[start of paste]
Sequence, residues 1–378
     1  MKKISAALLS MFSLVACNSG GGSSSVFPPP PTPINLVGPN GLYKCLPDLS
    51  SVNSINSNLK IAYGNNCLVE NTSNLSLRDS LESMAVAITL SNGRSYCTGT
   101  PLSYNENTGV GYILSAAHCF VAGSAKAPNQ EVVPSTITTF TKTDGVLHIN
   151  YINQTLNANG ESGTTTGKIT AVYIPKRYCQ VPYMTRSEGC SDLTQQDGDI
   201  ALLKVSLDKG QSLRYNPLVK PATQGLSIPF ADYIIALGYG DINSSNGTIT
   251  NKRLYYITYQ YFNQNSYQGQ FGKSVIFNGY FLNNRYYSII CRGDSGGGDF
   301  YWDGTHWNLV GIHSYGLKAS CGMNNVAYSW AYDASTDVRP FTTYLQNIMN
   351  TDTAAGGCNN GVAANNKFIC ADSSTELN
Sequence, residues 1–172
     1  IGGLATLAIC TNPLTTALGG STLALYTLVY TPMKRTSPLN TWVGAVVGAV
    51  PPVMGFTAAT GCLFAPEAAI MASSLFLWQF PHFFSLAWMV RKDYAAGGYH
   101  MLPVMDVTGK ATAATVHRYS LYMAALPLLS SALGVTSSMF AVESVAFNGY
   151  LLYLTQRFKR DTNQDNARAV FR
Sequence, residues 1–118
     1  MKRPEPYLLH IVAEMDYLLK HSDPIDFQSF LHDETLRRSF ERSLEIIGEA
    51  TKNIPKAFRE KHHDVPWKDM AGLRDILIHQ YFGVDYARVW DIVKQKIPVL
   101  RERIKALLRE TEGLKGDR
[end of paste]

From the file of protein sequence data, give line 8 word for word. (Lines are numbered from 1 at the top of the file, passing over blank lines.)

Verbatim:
   301  YWDGTHWNLV GIHSYGLKAS CGMNNVAYSW AYDASTDVRP FTTYLQNIMN